Among some circles, co-sleeping is highly advocated for newborns/infants due to ease of breastfeeding and potential developmental bonding to the mother (for more examples, read about proposed advantages here). The immediate and obvious red flag that came to mind was rolling over one's baby. A defense I've heard is that you... just won't:

[In response to inquiry about the safety of co-sleeping] You won't squash him. You couldn't even comfortably roll onto a teddy bear in your sleep, let alone your own baby that your subconscious is ALWAYS aware of. (source)

you wont roll onto your baby. there is no way you forget they are there even when you're dead to the world. (source)

Physically and psychologically it is HIGHLY unlikely that you will roll over onto your baby when co-sleeping. It’s an evolutionary, parental instinct sorta thing (don’t remember the exact name for this but definitely learned about it in my psych classes). Essentially as a parent your conscious and unconscious self is aware that protecting your baby is a priority and you won’t smush or smother them. (source)

However, according to the Consumer Product Safety Commission, via Kid's Health:

According to the CPSC, at least 515 deaths were linked to infants and toddlers under 2 years of age sleeping in adult beds from January 1990 to December 1997:

  • 121 of the deaths were attributed to a parent, caregiver, or sibling rolling on top of or against a baby while sleeping
  • more than 75% of the deaths involved infants younger than 3 months old

Here's another pro-co-sleeping advocate (emphasis mine):

At the University of Notre Dame's Mother-Baby Behavioral Sleep Laboratory, our studies of breastfeeding mothers who sleep with their 2- to 4-month-olds reveal that both mothers and their babies are extremely sensitive throughout the night to each other's shifting position in the bed.

During my many years of studying sleep-sharing, I've never heard of a single instance in which, under safe conditions, it was proven that a mother suffocated her child. Notice that I said safe conditions: Babies can and do accidentally suffocate when one or both parents doesn't know a baby is in the bed, is drunk or desensitized by drugs, or is indifferent to the baby's presence.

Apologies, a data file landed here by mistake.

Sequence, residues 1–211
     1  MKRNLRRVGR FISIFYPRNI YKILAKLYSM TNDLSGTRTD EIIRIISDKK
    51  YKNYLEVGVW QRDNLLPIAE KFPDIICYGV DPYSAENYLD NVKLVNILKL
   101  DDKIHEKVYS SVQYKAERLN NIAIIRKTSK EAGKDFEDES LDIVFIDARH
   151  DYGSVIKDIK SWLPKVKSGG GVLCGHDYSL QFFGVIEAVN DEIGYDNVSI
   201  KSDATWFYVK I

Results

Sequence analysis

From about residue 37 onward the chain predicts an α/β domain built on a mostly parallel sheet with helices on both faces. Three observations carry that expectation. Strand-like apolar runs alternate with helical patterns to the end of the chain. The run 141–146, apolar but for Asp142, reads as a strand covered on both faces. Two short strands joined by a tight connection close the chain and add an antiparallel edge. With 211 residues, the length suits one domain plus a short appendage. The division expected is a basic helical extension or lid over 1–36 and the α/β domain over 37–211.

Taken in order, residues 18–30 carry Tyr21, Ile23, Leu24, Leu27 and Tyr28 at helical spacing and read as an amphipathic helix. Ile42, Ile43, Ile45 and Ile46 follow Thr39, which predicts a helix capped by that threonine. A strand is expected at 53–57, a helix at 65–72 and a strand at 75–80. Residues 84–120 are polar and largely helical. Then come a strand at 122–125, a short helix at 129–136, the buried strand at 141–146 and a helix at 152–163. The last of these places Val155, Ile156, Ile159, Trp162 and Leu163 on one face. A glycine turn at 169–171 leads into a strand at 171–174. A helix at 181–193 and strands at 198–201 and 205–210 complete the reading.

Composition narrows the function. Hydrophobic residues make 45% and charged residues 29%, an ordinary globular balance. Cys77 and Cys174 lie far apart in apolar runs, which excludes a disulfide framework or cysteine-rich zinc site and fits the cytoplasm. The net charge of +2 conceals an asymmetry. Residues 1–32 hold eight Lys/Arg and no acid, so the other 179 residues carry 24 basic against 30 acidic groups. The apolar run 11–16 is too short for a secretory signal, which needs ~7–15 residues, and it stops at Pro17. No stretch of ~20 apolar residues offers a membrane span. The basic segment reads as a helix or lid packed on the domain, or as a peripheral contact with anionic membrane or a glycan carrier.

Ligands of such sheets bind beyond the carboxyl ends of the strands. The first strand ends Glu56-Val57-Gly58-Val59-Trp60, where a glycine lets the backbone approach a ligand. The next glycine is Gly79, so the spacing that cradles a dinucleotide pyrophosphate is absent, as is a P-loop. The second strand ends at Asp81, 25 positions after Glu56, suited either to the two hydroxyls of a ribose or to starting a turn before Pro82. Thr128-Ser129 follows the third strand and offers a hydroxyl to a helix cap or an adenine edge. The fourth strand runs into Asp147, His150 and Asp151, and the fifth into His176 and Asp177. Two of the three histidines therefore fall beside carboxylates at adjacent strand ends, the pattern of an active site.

So, to follow in the vein of the last bit:

Is co-sleeping safe when parents are aware of the baby's presence, are not under the influence of substances, and are not indifferent to the baby's presence?1

In layman's terms: is co-sleeping safe under normal conditions?

1 Is that criterion last just a catch-all no true Scotsman variant? If the first two conditions aren't true then the parents must have been indifferent at some level?

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    I think any answer should be in terms of relative risks, against the alternatives. Are the tragic deaths of 515 infants and toddlers comparatively fewer than the deaths of children in separate beds?
    – Oddthinking
    Commented Aug 30, 2012 at 2:10
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    Purely anecodtal: We were advised by, oh, pretty much every medical professional we came in contact with, that co-sleeping should be avoided at all costs due to the massive increase in SIDS risks. Additionally, and not relevantly, co-sleeping is a pain in the royal arse. Ever tried sharing a bed with a 2-year-old? It's a nightmare and then they want to come back every single night. Never again! Commented Aug 30, 2012 at 3:31
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    @jozzas: I am not sure I understand your objection. It is not SIDS versus rolling over. It is all mortality (non-sharing) versus all mortality (sharing), plus compensation for as many confounding variables as can be come up with.